/ #mechanics 

Economy: Buying

Most strategy games feature an economic system that produces different resources for the player to spend on improving their circumstances. Those resources would be pointless without interesting things to spend them on…

This post looks at the basic mechanic of buying something: exchanging resources for something else.

Since this post is being written in the context of explaining the mechanics of Heroes of Might and Magic I, it will serve as a good example.

The first thing you are likely to spend these resources on in Heroes of Might and Magic, is building additional buildings in your castle. Pictured below is the dialog for building a Shipyard, which costs gold and wood.

Gold and Wood gets you a shipyard, which can build ships.

The second thing you’ll be spending resources on is buying creatures for your armies:

Buying creatures typically costs gold - occasionally some rare resources for the most powerful creatures.

The scope of what I’ll try to illustrate in the ECS design below, is simply exchanging resources for something else - I won’t focus too much on what is bought, instead just spawning a token component that will be turned into whatever the player bought by some other system. I’ll do two examples:

  • Peasant Hut
    • Cost: 5 Wood
    • Cost: 1000 Gold
  • Peasant
    • Cost: 100 Gold
    • Cost: 1 Peasant resource in the building

ECS Design



  • type: Class

The type here is type(PeasantToken) or type(PeasantHutToken) or whatever thing is being bought.


  • amount: Integer
  • type: Class

The amount is the cost paid with the resource of type.


  • entity: Integer

This is the command from the player to buy something - resolving it changes the resources in the offer into the resources produced by the offer.

The entity is the entity ID of the player initiating the transaction, their resources will be used to pay costs.


Token that will be transformed into a Peasant Hut by the building system.


Token that will be transformed into a Peasant unit by the unit system.


Practically speaking there will need to be some form of hierarchical structure to the world, but I haven’t tried to model that in code yet. For now here’s an idea of how it might look:

  • Castle
    • PeasantHutOffer
      • GoldCost
      • WoodCost
    • Offers for other buildings not included in this example…

Then when the player buys the peasant hut the picture changes:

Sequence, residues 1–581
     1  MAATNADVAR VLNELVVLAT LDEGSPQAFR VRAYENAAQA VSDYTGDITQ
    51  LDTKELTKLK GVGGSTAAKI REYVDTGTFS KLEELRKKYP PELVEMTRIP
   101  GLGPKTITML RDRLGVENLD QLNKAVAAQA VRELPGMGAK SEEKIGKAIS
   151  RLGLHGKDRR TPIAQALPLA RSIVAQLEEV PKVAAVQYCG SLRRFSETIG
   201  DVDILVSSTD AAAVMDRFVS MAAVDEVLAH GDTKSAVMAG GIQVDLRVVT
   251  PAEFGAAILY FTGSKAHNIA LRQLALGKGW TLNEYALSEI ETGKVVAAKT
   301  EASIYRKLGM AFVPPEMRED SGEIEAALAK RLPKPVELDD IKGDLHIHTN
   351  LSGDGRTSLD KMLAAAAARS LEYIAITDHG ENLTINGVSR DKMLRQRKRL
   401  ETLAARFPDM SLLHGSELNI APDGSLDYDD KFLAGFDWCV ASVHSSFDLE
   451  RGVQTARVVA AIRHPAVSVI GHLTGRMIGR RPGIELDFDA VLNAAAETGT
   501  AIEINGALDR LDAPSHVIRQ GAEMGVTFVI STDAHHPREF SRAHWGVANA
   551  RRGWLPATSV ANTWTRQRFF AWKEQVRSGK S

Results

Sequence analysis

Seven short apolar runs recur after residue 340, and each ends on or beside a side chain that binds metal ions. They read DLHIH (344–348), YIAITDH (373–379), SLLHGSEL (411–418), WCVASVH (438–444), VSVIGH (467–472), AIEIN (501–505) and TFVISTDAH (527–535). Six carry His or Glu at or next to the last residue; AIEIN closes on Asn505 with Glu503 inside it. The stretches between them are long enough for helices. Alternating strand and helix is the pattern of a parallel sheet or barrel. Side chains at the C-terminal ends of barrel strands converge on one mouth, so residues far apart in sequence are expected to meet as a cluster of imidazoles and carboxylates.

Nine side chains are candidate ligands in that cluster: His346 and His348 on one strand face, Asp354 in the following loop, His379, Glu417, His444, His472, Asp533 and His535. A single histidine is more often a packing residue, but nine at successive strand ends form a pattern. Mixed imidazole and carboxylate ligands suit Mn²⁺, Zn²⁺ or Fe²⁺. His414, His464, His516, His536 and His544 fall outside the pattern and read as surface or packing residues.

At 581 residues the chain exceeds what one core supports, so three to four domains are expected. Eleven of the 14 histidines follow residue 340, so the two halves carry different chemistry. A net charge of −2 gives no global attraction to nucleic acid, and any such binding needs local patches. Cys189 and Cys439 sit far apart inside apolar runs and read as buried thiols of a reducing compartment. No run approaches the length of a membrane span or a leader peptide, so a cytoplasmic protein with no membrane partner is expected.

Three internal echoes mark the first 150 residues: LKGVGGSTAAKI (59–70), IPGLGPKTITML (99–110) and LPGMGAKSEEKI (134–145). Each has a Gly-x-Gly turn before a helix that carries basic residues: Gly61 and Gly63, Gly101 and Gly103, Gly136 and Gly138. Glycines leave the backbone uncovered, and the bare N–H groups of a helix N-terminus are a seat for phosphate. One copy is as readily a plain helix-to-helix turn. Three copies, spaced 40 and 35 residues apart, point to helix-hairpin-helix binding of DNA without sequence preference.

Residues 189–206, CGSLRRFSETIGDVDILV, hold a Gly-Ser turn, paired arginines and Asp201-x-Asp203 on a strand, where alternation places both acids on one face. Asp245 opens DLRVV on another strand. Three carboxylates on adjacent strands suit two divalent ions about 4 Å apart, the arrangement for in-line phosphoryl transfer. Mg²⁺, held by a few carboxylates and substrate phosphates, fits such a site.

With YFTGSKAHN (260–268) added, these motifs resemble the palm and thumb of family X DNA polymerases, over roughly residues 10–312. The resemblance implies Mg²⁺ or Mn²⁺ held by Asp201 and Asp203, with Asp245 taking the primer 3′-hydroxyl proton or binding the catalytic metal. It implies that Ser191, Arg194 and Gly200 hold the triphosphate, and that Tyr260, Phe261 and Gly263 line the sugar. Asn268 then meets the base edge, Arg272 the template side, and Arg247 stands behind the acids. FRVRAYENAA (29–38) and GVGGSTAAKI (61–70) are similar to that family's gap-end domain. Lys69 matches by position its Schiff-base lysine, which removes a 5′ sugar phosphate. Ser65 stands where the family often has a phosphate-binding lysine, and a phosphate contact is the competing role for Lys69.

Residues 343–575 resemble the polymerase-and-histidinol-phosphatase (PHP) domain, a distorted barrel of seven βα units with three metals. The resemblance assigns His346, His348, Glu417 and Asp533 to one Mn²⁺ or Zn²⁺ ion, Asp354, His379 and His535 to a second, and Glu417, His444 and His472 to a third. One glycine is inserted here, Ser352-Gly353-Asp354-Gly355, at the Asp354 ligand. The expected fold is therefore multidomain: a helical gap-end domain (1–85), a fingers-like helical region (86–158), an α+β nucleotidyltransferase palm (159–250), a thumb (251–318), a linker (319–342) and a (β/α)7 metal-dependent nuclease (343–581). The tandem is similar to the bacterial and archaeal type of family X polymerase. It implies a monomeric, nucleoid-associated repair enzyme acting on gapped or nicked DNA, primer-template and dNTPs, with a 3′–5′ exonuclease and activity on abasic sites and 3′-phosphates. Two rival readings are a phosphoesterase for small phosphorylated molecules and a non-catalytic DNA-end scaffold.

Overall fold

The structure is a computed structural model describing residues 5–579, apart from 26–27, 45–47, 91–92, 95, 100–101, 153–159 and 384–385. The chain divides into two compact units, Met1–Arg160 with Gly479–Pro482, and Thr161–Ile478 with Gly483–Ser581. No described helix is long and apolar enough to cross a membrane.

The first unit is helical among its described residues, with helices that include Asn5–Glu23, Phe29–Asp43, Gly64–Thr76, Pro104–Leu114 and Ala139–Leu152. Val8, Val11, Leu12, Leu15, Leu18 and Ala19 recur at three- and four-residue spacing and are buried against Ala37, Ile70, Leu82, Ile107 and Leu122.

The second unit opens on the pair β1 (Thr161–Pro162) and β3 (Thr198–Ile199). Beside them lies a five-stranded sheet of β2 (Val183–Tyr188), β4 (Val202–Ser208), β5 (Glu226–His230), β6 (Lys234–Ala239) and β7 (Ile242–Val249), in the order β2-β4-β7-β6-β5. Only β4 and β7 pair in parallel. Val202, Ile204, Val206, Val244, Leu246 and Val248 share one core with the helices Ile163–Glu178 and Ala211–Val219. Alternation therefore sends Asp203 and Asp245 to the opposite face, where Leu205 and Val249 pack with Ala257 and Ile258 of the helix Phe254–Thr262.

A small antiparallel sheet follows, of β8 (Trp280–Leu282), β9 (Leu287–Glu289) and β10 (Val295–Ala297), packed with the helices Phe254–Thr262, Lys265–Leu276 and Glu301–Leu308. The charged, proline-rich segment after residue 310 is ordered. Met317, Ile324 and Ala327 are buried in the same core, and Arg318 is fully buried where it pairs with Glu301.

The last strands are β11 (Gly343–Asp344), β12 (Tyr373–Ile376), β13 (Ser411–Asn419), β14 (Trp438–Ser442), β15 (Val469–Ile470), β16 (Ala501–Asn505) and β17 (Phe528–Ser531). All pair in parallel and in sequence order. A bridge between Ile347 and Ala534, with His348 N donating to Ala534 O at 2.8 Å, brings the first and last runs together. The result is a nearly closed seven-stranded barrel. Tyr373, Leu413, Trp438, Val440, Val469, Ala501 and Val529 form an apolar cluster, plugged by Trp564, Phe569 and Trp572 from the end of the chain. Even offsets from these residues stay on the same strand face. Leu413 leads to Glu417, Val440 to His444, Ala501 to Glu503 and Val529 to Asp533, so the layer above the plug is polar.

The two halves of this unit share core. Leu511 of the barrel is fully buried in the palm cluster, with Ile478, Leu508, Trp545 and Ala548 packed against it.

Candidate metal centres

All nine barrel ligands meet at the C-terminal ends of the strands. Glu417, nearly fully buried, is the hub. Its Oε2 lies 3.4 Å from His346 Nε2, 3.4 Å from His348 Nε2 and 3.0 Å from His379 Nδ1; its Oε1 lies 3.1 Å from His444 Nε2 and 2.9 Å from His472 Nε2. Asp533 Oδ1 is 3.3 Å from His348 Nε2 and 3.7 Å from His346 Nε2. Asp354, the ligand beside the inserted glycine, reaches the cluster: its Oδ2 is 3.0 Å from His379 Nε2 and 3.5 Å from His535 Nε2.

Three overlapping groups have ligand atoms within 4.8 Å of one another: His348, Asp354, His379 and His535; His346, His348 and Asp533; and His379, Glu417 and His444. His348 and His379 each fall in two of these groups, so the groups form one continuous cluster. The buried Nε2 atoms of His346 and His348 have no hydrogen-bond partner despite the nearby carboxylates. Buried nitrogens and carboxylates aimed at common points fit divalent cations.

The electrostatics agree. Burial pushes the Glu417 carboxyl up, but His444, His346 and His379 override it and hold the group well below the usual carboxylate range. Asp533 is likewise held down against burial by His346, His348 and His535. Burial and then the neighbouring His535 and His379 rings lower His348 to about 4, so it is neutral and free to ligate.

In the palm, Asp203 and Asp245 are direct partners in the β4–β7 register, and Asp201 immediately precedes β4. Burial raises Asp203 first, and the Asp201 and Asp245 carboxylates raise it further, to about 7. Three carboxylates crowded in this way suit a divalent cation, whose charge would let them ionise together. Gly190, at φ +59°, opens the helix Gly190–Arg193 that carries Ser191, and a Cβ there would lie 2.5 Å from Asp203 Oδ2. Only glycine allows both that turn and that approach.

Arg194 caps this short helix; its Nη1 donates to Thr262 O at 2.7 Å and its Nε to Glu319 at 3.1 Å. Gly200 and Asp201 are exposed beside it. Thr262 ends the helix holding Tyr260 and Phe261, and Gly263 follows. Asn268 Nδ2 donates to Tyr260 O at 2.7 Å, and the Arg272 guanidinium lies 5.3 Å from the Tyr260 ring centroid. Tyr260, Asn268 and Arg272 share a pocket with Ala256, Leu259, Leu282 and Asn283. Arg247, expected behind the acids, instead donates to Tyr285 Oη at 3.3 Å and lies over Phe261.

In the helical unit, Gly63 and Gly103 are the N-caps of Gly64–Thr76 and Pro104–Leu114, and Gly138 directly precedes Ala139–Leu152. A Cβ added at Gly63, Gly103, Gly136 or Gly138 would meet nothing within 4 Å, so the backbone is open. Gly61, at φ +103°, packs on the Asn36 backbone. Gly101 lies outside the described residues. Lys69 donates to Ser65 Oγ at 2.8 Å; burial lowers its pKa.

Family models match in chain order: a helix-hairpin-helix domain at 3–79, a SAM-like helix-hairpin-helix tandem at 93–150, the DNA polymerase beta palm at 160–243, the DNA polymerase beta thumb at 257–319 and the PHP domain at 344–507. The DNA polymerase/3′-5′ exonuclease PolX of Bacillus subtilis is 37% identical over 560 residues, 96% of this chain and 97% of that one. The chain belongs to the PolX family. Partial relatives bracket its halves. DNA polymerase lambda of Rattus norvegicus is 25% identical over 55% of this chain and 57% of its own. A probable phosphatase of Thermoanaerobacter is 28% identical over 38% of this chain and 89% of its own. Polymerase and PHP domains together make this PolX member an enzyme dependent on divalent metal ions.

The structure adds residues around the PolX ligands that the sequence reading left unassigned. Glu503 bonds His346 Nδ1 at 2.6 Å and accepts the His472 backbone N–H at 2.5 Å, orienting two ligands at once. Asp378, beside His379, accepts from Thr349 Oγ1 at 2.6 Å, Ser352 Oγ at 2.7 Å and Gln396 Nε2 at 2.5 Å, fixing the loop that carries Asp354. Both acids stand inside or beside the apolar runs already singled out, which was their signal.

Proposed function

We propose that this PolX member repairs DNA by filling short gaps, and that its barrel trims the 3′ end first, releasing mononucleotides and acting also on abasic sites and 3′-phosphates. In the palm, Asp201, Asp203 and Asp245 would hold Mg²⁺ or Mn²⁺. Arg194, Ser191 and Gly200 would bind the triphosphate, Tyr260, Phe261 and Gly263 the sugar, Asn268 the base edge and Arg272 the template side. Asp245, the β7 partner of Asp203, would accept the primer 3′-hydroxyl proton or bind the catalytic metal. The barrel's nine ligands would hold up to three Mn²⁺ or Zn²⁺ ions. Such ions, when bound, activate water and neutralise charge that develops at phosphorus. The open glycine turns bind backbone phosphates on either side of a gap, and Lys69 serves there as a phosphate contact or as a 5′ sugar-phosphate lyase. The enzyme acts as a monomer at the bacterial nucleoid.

• Castle
    • PeasantHut
      • PeasantResource
      • PeasantOffer
      • GoldCost
      • PeasantCost

When the player buys peasants they are added to the army in the castle as new units.

Buying something involves simply adding a Transaction to the entity containing the offer the player is buying.



This system is responsible for exchanging resources for goods tokens when a Transaction is created to indicate that the player bought an offer.

transactions = world.get_entities_with_components(

for offering_entity in transactions:
    payer = offering_entity.transaction.entity
    costs = find_costs(offering_entity)
    resources = []

    # Find all resources and check we have enough
    for cost in costs:
      # Try player resources...
      resource = find_resource(cost.type, payer)
      # ... else try local resources
      if resource is None:
        resource = find_resource(cost.type, offering_entity)
      # Abort: resource not found
      if resource is None:
        world.remove_component(entity, Transaction)
      # Abort: insufficient resources
      if resource.amount < cost.amount:
        world.remove_component(entity, Transaction)
    # Deduct costs
    for i in range(0, len(costs)):
      resources[i].amount -= costs[i].amount

    # Grant the offered item
    offer = entity.offer
    world.add_component(offering_entity, offer.type)

    # End the transaction
    world.remove_component(entity, Transaction)


  • The token added above will be picked up by another system that knows how to instantiate the thing you bought.
  • find_costs(entity) finds all costs on the given entity.
  • find_resource(type, entity) finds the resource on the entity with the given type.
  • Some additional complexity is probably needed to handle the case where bought units spawn into a hero’s army.

Matt Van Der Westhuizen

Back-end service developer at Ubisoft Blue Byte by day - wannabe game designer & developer by night.